Spain is set to scrap its 'golden visa' scheme that grants residency to foreign property buyers, it was announced by prime minister Pedro Sanchez on Monday.

Bringing an end to the programme would help to make access to affordable housing "a right instead of a speculative business," the PM stated.

The scheme grants special permits to non-EU residents who invest a minimum of €500,000 in Spanish real estate without requiring a mortgage, enabling them to reside and work in the country for a duration of three years.

"Today, 94 out of every 100 such visas are linked to real estate investment...in major cities that are facing a highly stressed market and where it's almost impossible to find decent housing for those who already live, work and pay their taxes there," Sanchez commented.

The prime minister went on to add that the government would begin the process to conclude the programme at the weekly cabinet meeting on Tuesday, after reviewing a report filed by the Housing Ministry, Reuters reports.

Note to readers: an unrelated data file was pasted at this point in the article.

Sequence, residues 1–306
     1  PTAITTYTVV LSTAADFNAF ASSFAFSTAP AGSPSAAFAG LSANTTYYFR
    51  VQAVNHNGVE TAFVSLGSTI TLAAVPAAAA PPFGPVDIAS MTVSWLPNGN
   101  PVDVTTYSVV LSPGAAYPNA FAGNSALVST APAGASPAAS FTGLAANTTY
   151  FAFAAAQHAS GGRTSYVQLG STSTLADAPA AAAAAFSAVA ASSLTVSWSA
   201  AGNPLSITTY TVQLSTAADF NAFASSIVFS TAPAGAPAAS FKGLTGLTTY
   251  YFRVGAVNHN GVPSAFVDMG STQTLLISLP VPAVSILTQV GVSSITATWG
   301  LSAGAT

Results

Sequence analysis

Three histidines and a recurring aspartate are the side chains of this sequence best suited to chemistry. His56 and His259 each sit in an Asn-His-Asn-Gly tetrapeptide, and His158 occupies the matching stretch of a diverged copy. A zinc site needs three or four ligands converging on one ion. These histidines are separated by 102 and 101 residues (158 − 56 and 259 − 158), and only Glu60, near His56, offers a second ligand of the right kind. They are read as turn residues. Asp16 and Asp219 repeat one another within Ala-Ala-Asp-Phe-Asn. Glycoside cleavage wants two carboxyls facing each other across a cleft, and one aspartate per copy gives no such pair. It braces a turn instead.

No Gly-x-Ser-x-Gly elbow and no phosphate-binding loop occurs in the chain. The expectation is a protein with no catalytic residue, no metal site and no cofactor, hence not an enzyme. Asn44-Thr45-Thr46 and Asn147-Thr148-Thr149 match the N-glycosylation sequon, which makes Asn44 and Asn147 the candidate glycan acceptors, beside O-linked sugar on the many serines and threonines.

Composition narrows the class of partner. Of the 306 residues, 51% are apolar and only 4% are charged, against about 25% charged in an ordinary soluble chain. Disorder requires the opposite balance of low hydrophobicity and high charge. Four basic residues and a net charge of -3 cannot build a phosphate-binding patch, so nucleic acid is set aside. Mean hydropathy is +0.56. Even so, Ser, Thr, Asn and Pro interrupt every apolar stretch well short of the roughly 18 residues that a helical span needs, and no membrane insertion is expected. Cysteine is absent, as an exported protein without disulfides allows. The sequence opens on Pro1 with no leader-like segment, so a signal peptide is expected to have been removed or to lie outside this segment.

According to government figures, from the launch of the golden visa scheme in 2013 until November 2022, Spain granted almost 5,000 permits.

Chinese investors rank first on the list, with Russians following closely, having invested over €3.4 billion, as per a 2023 Transparency International report. The findings raised concerns about whether authorities had probed the source of these funds.

However, the move will unlikely impact the property market as under 0.1% of 4.5 million homes sold during that time were bought under the scheme, reports the Idealista property website.

According to Idealista spokesperson, Francisco Inareta, Spain's housing issue was not attributed to the golden visa scheme, but instead to a scarcity of supply and a surge in demand. 

"The measure announced today, which focuses on international buyers rather than encouraging new homes to come onto the market, is yet another misdiagnosis," Inareta stated.

Portugal recently overhauled its golden visa scheme, excluding real estate investment as a means to address its housing crisis. However, foreigners seeking residency rights can still place their funds in investment funds as an alternative.

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